Sicily and positano.
I have done a lot of research on resturants and came to the conclusion that 12 days is far too little. I have narrowed my list and would love first hand advice. I'm convinced that concierges get kickbacks and when I asked american express concierge, the list they sent me was direct from frommers. So I have searched chowhound boards, checked out slow food, and searched the web to come up with the following:
Taoromina, have 2 nights.
osteria nero D'avola
Syracusa, 1 night
la gazza ladra
Agrigento, 1 night
La madia i nlicata
Palermo, 1 night
osteria dei vespi
antica focacceria san francesco (I think this may be too casual)
Positano 3 nights
Buca di Bacco
Missing nights are accounted for in spas and rome. Thank you so much for your imput. I wish I could just wander around for months eating my way through italy. I'm looking for really memorable food regardless of price. I don't mind paying for it but sometimes the best food is in the undiscovered hideaways.
I have just spent a few days in Palermo researching for my book and I can say that of thirty countries visited so far (and over 100 cities) Palermo ranks in the top five for food
Do try some of the street food. The Pani Ca Meusa is a sandwich of simmered spleen and lung meat served on a soft roll and sprinkled with salt and lemon juice
Polpo is boiled in salted water and served head and all
I can recommend a very good little place off Piazza San Domenico called Caffe Antico which specialises in the local dishes like Spaghetti Con Sarde and Ricci (sea Urchin)
Local pizza was called Sficione and is not to my taste but worth trying.
For wine, there is a great place called Cana on Via Alloro, 105 which is run by a young couple passionate about Sicilian wines. Try the salumi plates of cheese and ham. The local sheeps ricotta is stunning. The white wines (grillo and Insolia grapes ) are very good too
Here are a couple fo posts from my blog that may help
re: Simon Majumdar
Thank you for all the advice. I loved the pictures on simons blog. I love food and am willing to try almost anything. I used to eat a lot of tripe and have even had monkey brains. However, I tend to stay away from innerds lately so ,as much as you recommend the spleen and lung sandwich, I don't think I'll be tempted. Cana on Via Alloro looks great for lunch. I love local cheeses and salamis with a glass of wine. Thanks.
Hi Erica, I read all of your posts and really enjoyed them. I've taken notes on all of your recommendations. Can you tell me more about the mozzarella stands you mentioned. I read somewhere that there is a large buffalo farm in amalfi that makes a lot of the cheese for the area. Do you know anything about it? I'd love to take a tour if possible. Where did you find the stands, are they only in certain areas? I'm looking foward to the fresh cheeses of the area.
There is no mozzarella stand in Amalfi. You can buy cheese there, though, in the shops.
But the town of Agerola in the hills above Marina del Cantone is famous in the area for its cheeses. But I am almost certain that those would be made with cow's milk, not buffalo milk. For the buffalo cheeses, you have to go south of Salerno near Battipaglia and near Paestum. I did not travel the road that runs south from Battipaglia but I have read that there are stands on that road.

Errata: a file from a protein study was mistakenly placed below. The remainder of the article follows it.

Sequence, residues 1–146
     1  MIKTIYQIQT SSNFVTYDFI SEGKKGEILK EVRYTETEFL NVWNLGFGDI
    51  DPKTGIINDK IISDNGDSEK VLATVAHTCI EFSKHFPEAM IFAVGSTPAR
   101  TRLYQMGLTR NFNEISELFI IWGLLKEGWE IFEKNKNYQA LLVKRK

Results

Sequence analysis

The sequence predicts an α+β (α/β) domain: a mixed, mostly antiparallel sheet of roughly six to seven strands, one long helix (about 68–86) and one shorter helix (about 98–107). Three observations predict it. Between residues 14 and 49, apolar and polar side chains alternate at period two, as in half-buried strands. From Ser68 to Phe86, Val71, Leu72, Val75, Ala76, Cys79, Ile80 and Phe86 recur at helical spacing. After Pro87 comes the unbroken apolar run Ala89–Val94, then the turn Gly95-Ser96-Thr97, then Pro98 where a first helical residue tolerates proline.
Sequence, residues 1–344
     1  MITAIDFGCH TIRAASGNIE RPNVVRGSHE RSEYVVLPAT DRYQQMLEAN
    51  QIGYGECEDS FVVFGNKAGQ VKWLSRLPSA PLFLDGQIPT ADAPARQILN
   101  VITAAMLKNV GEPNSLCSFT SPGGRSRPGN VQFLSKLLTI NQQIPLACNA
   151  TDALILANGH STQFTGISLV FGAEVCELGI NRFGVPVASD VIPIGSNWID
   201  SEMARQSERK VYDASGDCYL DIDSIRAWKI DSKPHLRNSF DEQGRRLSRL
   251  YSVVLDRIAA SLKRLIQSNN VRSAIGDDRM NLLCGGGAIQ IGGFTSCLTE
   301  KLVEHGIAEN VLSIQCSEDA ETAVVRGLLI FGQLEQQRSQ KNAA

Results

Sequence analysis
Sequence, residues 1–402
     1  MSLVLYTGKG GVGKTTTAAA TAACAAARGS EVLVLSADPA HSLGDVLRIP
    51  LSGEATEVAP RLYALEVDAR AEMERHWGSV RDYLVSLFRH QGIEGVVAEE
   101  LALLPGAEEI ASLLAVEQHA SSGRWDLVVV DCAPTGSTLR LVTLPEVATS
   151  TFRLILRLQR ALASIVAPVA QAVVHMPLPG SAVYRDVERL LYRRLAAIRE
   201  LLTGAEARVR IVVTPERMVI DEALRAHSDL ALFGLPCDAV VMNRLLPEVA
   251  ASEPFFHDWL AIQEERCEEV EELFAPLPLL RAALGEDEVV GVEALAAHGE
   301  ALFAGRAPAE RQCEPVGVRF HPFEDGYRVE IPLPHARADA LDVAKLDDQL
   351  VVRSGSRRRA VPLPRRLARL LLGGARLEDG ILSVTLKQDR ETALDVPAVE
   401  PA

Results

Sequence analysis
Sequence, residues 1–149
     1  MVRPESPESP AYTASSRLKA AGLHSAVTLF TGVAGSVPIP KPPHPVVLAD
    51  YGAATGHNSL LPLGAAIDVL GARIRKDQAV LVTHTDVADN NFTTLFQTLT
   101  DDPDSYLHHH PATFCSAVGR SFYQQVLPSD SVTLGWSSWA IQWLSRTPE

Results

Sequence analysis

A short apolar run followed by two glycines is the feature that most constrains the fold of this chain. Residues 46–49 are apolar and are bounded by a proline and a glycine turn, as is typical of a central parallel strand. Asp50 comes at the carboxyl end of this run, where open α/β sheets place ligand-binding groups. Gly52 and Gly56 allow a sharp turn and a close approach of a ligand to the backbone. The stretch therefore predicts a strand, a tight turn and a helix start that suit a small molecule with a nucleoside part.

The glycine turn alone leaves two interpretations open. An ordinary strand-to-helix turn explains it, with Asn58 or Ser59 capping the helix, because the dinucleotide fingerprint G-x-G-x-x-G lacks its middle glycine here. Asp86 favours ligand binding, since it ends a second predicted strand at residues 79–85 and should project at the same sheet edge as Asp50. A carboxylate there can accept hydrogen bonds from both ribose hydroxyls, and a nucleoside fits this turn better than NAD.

We visited a masseria in Paestum, not far from the archeological site. We arrived about noon and they were finished with the cheese making for the day but if you call them I am sure they will tell you when you can watch this in the mornings. They have a cheese store in the rear of the kitchen area where they sell dozens of kinds of cheeses, mostly buffalo milk but some from cow milk, and butter. Here is the info:
Via Porta Marina, Paestum Tel: 0828.722002
There is also the Seliano Agriturismo in Seliano not far away; they ahve a herd of buffalo and I believe you can arrange to watch the cheesemaking and also to have lunch there:
The places you list for Taormina are all good, but I think that Nero D'Avola is a step above the rest. Its location is very quiet and romantic at night, and the owner and staff are extremely friendly and informative. Most importantly, the seafood and pasta are as good as it gets. Try the raw fish or the Etna mushrooms if available, and make sure you finish with a glass of Passito di Pantelleria.
For Palermo, definitely Sant Andrea or I Grilli, which is in the adjacent piazza.
In Positano, if price is no object, go to Donna Rosa, but you will need to make a reservation.
Great, I was looking for someone to confirm my thoughts on these resturants. We have 2 nights in Taormina, which would be your second choice after Nero D'Avola? Also have 3 nights in positano, what would be your other choices. I do need to have lunch at chez black, I still have fond memories of the spaghetti with zucchini from 15 years ago. Thank you for your imput.
In Taormina, if price is no object, go to Maffei's. Our lunch there in 06 was 104 euro, so dinner may run a bit more, but the whole fish was sublime. We lunched at Al Duomo, which was right by our apartment, and the pasta was especially good. La Griglia is a good casual restaurant, but the atmosphere is a bit austere. Ristorante Naumachie was also good, but there's a place I'd recommend more; I need to check my journal for the exact name.
In Positano, I'd definitely say Il Capitano. Max's is very good, but it is more geared towards Americans. Order a caffe there and you will get an American coffee. Saraceno D'Oro is also good and worth a look.
I know I'm late to the party here, but I wanted to voice my approval of Max's. The service is great, the food was wonderful (particularly the squash blossoms) and the room is pretty. If you have a chance though, I'd recommend going to the Villa Maria restaurant in Ravello. The best baccalà I've had anywhere, ever.